After all briefs are filed, the parties may be asked to give oral arguments. These arguments give the judges the opportunity to ask questions about the arguments raised in the briefs. Unlike a trial, the decision is not given right away. The judges review the information and issue a written opinion weeks or sometimes months later. A person who has been sentenced to jail remains in custody during this waiting period
If neither a Motion for New Trial nor an Appeal is successful, or if new evidence is uncovered after the time for filing those items has expired, a person who is being held in prison may be able to file a Petition for a Writ of Habeas Corpus. This is a notice to the judge that a prisoner is being unlawfully detained and a request that the person be released. Nev. Rev. Stat., Section 34.360.
In most cases, a writ will not be granted if the prisoner has not yet appealed. However, a person may raise issues in a writ of habeas corpus that were not raised on appeal, such as complaints regarding prison conditions.
A Petition for writ of habeas corpus must be verified by either the prisoner or his lawyer. Nev. Rev. Stat., Section 34.370. This means that there must be a separate section, signed under penalty of perjury, swearing that the facts contained within the petition are true and correct to the best of the person's knowledge.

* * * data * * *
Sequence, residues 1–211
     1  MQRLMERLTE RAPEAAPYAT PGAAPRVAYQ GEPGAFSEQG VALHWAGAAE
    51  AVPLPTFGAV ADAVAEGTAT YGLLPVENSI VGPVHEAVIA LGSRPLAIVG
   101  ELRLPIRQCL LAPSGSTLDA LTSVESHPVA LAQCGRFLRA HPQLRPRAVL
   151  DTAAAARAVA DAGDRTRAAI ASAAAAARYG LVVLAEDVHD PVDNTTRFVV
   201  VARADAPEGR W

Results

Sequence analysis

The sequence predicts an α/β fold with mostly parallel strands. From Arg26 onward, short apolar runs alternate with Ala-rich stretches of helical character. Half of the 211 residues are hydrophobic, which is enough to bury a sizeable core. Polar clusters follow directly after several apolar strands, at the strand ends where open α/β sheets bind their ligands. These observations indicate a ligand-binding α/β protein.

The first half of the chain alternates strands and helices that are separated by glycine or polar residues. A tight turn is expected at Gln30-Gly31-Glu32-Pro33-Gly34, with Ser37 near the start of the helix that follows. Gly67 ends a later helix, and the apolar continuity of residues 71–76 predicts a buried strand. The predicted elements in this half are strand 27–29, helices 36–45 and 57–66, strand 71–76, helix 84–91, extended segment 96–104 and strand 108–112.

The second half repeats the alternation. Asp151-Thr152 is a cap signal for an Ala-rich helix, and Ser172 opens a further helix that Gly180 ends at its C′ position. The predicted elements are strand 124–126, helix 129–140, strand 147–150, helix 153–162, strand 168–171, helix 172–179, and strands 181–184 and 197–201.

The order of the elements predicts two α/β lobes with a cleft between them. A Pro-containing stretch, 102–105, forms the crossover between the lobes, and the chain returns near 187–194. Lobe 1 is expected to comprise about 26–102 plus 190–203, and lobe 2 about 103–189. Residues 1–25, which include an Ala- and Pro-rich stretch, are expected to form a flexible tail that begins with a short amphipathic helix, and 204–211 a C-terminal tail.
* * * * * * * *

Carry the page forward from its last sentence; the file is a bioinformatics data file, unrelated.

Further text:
The state has the ability to file a response to the Petition, and the court will usually schedule a hearing. Writs are considered extraordinary remedies, so the waiting period is usually shorter than for an appeal. If the writ is granted, the prisoner will be released immediately.
When the judge appointed a trial counsel, it may be possible for the same public defender to assist with post-conviction remedies. In some cases, a person who paid for a lawyer at trial may also be able to request to have a lawyer appointed following conviction. A local attorney may also be able to assist with preparing and arguing documents in an effort to overturn the conviction.
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*The Law photo was cropped from its original proportions.